Eba Kandovazu

THE Windhoek High Court was a hive of activity today when some of Fishrot’s suspects appeared today for their formal bail application before Judge Shafimana Ueitele.

Lucious Murorua, who represents Sakeus Shanghala, James Hatuikulipi and Pius Mwatelula, indicates that his clients’ affidavits are not yet ready as they have not been commissioned yet. The State will be served with the documents on Wednesday while the trio will not be testifying.

On the other hand, former Fishcor Chief Executive Officer (CEO), Mike Nghipunya, Otneel Shuudifonya and Phillipus Mwapopi commenced their bail applications, with Nghipunya taking the stand first. Nghipunya was denied bail last year. He, at the time did not testify but instead applied for bail with an affidavit. He was also not cross examined by the state.

State Advocate Cliff Lutibezi says the State is objecting to the granting of bail due to the serious nature of the offenses involving a criminal syndicate, a strong case against the suspects, the risk of absconding with the exception of Nghipunya, fear of interference with investigations, public interest and the administration of justice.

Nghipunya’s lawyer, Tabang Phatela, indicates that the bail application is based on new facts. In the last application Nghipunya was only facing three charges of corruption, fraud and money laundering. Today, he faces 21 charges.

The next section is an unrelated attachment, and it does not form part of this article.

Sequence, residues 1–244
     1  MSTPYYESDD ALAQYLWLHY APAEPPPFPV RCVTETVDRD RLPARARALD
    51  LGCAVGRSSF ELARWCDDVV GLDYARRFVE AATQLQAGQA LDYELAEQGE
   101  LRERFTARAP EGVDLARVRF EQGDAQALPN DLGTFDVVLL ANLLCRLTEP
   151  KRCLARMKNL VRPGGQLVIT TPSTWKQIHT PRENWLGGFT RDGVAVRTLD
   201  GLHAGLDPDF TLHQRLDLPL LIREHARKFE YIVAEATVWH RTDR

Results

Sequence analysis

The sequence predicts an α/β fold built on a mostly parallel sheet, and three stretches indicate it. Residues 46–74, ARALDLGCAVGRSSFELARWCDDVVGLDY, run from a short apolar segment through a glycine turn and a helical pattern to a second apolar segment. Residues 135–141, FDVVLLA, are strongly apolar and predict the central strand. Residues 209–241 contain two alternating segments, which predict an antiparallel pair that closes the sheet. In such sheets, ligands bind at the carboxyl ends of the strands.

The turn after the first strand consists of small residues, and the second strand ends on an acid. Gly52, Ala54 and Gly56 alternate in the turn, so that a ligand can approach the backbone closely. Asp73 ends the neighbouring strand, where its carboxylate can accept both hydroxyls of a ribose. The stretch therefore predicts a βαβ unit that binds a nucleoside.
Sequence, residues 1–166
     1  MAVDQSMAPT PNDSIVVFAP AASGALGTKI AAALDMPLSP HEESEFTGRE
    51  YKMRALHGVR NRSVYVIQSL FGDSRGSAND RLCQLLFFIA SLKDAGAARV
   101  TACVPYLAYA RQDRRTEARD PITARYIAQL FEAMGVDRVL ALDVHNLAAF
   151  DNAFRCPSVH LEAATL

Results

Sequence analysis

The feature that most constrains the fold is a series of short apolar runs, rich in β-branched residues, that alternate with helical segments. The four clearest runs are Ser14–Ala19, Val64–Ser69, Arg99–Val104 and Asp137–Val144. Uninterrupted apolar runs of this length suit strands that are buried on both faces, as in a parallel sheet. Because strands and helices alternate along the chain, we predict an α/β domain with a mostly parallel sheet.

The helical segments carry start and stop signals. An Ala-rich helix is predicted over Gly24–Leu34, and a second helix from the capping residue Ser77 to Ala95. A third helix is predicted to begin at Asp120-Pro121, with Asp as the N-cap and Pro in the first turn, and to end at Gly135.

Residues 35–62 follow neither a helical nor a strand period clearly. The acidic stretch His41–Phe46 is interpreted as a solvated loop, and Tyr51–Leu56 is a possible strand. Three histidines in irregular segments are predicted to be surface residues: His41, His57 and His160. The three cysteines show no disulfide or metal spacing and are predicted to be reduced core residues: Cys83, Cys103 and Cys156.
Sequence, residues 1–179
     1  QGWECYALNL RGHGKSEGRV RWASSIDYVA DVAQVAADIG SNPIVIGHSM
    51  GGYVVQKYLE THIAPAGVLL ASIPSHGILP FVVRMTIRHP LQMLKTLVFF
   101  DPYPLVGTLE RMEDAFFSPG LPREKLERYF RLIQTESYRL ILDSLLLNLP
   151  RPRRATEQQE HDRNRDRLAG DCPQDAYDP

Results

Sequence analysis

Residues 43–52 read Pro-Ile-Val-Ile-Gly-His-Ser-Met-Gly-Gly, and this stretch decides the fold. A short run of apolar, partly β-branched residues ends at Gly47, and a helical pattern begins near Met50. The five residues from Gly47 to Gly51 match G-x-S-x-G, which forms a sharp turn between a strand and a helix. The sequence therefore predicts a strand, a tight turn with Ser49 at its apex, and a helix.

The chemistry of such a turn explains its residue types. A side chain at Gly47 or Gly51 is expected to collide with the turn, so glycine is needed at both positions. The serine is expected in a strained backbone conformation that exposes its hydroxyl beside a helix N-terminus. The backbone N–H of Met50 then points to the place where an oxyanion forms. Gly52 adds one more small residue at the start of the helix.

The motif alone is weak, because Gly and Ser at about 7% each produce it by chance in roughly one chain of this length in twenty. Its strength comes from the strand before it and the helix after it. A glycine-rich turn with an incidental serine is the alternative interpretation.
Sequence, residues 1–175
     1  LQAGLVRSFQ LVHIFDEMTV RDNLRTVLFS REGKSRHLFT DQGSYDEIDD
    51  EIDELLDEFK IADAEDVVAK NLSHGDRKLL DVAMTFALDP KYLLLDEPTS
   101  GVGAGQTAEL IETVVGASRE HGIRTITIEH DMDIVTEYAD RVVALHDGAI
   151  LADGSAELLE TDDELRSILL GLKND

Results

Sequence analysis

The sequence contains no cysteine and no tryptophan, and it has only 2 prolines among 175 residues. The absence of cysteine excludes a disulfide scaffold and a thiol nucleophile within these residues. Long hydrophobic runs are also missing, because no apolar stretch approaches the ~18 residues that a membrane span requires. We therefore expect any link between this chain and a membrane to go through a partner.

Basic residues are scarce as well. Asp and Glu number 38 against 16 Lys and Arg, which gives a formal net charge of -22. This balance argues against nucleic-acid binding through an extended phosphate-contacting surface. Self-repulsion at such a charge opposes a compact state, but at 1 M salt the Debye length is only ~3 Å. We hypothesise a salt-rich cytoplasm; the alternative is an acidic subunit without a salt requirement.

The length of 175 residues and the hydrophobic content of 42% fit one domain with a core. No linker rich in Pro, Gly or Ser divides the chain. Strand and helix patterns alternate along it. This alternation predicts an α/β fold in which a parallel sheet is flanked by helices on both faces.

Lawyer Milton Engelbrecht, who is instructing Phatela, says Nghipunya chose to testify in person to explain Government policies and operations relating to Fishcor.

The latter indicating to the court that he has no intentions of fleeing the country. According to him, when the Fishrot scandal broke, he was in Japan and did not feel the need to abscond. When news of the arrest of former Fisheries and Marine Resources Minister, Bernard Esau, broke, he had an opportunity to fly to Johannesburg and Zimbabwe, but still did not abscond.

Nghipunya testifies that he has a house in Rocky Crest, and that he hails from Okashana village in Omuthiya adding that he has no children. He says he graduated in 2009 for a Bachelor of Economics and enrolled for a Masters degree in Business Management with the University of Manchester, graduating in 2016. He then enrolled for International Business Law with the University of Manchester and graduated last year.

Esau, his son in law, Tamson Fitty Hatuikulipi, Ricardo Gustavo and Nigel van Wyk are not part of these proceedings.